Micah Challenge Australia Blog

 

The Micah Challenge blog is a space for discussion and debate about the issues of global poverty, faith, advocacy and justice and the Millennium Development Goals. This blog aims to provoke thought and challenge you to learn more about the issues discussed. We welcome your comments.

Micah Challenge is a global campaign of Christians speaking out against poverty and injustice. Click here to visit the Micah Challenge website.

  • A missing voice in the climate debate?

    Posted by John

    15 July, 2011

    "The earth is the Lord's and everything in it." (Psalm 24:1) I've been reflecting on this reality as I have listened to the debates around a price on pollution this week. As Christians, we embrace the core belief that we are not owners of creation, but stewards. It all belongs to God. Our responsibility as stewards is to use creation and care for it in ways that are consistent with the teaching of Jesus, the character of God, and the nature of the kingdom. That will necessarily include ensuring the way we use our resources results in justice for the world's poor. Our perspective on a price on pollution needs to be God centred and other centred. Certainly we consider our own needs, but never only our own needs. That's the distinctive voice that has been missing from this debate, and one that Christians can bring - a selfless voice - and a necessary voice. Our position on climate change: Micah Challenge Australia is a campaign focused on the achievement of the Millennium Development Goals and halving poverty by 2015. Micah Challenge is not a climate change… read more

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  • Opinion is divided - does Australia need a carbon tax, or don't we?

    Posted by Phil

    13 July, 2011

    I, for one, think we do. I'm a long time supporter of Micah Challenge and I'm just finishing off a PhD that looks at the impacts of human caused climate change on people in the developing world. Climate change is already impacting poor communities around the globe. For example, in Nepal the weather is becoming increasingly unpredictable, with increasing extremes like floods and droughts. It is the poor who are being hit first and hit the hardest. You may or may not know that as part of their Share the Earth: MDG7 campaign this year, Micah Challenge has been asking the government to take a leadership position in international efforts to address climate change. I've sat at tables where Micah Challenge coalition partners have discussed and debated whether to engage supporters in the climate change debate. Micah Challenge is very wary of the potential for the debate to distract people from their purpose of halving poverty and achieving the MDGs. The Micah Challenge coalition has chosen to engage through necessity - because climate change represents a serious… read more

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  • We said / They said - Micah Challenge response to the aid review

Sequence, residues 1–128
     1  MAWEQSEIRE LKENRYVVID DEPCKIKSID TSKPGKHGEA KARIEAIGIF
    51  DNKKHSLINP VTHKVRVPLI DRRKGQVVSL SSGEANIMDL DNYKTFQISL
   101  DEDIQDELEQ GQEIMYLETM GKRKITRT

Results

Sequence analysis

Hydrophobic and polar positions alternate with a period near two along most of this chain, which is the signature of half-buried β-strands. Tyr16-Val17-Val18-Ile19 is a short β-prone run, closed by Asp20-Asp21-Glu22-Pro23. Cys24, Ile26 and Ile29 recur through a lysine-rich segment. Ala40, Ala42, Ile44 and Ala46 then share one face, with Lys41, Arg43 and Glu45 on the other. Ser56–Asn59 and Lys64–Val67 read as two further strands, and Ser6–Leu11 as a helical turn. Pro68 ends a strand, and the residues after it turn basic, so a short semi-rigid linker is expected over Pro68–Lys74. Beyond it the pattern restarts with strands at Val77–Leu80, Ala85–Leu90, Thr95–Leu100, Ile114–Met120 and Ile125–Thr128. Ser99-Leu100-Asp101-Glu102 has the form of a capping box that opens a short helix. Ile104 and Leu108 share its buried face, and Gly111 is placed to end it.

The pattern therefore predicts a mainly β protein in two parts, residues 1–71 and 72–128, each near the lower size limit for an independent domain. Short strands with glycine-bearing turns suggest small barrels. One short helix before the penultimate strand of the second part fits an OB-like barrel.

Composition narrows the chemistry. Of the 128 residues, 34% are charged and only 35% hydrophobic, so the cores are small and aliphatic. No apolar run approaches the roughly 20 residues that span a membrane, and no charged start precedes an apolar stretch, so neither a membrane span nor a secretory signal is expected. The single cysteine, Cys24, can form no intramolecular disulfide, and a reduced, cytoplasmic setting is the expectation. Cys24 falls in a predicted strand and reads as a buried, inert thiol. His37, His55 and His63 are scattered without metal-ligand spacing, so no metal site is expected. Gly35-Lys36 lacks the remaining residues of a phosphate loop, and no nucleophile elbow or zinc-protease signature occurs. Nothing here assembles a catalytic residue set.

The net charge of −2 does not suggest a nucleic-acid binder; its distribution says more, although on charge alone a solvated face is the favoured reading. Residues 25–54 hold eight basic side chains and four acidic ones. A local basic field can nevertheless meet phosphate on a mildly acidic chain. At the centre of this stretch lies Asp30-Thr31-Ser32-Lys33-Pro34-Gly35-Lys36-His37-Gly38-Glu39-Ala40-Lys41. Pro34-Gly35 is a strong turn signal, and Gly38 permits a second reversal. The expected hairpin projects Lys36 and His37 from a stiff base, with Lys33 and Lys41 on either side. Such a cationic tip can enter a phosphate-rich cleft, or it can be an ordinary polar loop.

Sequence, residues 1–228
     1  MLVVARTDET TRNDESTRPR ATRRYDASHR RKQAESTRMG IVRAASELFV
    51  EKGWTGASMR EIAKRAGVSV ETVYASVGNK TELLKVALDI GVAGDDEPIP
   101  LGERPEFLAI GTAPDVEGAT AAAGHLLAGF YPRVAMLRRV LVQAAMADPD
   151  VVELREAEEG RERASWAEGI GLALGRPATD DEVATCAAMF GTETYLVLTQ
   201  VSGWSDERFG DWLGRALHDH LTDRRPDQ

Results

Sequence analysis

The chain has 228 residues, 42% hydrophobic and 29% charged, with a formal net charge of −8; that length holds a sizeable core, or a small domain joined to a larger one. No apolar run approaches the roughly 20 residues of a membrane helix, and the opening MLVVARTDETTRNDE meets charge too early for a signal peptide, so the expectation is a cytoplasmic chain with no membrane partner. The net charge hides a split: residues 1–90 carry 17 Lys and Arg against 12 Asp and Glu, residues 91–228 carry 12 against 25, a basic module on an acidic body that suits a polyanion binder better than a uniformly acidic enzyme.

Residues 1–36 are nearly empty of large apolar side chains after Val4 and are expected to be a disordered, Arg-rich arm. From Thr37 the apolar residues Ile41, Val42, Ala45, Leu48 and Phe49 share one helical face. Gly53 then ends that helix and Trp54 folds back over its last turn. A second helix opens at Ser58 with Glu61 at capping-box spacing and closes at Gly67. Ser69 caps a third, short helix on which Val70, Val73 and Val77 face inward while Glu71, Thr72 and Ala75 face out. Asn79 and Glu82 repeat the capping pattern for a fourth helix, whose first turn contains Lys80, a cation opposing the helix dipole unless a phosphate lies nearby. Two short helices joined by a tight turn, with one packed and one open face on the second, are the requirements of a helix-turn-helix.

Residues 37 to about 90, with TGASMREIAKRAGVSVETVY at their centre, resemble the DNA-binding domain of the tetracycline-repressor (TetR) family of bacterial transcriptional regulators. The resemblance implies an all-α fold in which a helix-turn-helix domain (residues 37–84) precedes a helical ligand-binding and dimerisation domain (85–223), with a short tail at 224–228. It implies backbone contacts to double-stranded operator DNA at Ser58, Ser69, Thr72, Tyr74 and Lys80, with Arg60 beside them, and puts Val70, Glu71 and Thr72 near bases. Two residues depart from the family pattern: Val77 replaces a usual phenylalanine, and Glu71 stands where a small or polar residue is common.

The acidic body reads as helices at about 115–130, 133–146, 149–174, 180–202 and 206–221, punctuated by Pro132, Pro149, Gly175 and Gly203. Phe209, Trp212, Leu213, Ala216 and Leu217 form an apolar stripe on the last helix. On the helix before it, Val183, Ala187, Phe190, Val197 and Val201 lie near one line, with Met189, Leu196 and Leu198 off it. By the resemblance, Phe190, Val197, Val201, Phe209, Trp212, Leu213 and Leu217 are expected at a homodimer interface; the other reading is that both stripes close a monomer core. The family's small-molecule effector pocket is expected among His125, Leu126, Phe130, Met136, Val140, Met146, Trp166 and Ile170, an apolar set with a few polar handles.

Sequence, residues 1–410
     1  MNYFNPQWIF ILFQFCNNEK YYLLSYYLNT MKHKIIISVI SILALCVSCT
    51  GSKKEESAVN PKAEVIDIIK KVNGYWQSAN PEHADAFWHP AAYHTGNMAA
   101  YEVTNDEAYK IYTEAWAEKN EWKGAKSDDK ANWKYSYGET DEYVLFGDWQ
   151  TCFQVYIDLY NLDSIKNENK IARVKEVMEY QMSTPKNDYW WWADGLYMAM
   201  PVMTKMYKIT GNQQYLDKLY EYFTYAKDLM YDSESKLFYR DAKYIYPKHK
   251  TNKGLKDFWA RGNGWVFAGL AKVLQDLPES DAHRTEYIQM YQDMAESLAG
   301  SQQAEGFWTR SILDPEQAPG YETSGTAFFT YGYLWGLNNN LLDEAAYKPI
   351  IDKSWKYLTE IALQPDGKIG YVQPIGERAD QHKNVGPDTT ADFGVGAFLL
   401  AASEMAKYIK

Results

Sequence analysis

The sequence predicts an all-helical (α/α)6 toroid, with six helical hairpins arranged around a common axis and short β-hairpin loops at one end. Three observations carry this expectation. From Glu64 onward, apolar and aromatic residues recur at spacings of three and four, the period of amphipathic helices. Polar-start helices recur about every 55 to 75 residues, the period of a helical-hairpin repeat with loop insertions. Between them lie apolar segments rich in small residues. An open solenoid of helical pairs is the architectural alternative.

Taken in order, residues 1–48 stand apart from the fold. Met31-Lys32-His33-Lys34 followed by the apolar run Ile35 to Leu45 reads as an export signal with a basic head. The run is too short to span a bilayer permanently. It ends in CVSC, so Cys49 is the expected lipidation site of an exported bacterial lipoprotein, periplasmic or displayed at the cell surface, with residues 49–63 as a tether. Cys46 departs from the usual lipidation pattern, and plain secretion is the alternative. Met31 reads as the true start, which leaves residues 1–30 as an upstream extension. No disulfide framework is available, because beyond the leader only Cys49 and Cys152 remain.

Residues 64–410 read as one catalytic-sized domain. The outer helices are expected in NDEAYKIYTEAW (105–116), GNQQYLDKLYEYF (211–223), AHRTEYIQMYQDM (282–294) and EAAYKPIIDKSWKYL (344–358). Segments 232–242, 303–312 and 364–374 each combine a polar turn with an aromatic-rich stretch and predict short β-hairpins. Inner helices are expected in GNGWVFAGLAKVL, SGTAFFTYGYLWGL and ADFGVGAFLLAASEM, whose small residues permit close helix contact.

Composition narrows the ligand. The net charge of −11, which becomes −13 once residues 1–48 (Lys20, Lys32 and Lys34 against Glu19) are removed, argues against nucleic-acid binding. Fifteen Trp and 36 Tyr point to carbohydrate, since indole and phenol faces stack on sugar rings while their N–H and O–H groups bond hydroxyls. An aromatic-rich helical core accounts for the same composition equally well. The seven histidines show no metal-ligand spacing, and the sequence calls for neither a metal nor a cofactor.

Posted by John

    6 July, 2011

    Is the government's response to the aid review, released today, good news for the world's poor? We think so! Our submission to the aid review had nine recommendations. Here's a little game of We Said/They Said through the lens of those nine recommendations. 1. We said: Make poverty-reduction the central and overarching purpose of the Australian aid program. They said: 'The fundamental purpose of Australian aid is to help people overcome poverty.' This, in turn ‘serves Australia's national interests by promoting stability and prosperity both in our region and beyond.' 2. We said: On aid quantity, reach at least 0.5% GNI by 2015/16, and provide the framework for a sustainable growth path to 0.7%, if not by 2015/16 then as quickly as possible. They said: The government's commitment to reach 0.5 percent of GNI by 2015-16 will, subject to future levels of economic growth, see the aid budget almost double again, to around $8 billion. Mr Rudd suggested we can do more: ‘In 2007, both Australia's… read more

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  • Aid consultants earning more than the Prime Minister!

    Posted by John

    4 July, 2011

    Over the weekend, the newspapers once again highlighted the issue of technical consultants being paid enormous amounts of money to contribute their expertise to Australian funded aid programs. The figures are striking, and should prompt us to ask serious questions. Is this the most effective way that we can be spending our aid dollars? The frustrating thing in these kinds of media reports is that there is nothing constructive about the commentary. These wages seem ridiculous to me and it is a problem that the government needs to continue to address, but once again, our attention is directed away from the actual problem at hand - poverty! That's the problem we need to fix. It angers me that while we talk about consultant salaries, we forget to talk about any of the good news stories. We forget to talk about finding real solutions. We forget to be constructive. The media articles refer to the recently completed Independent Aid Review. Hopefully that review, soon to be released by the government, will prompt us to discuss both the quantity and the quality of… read more

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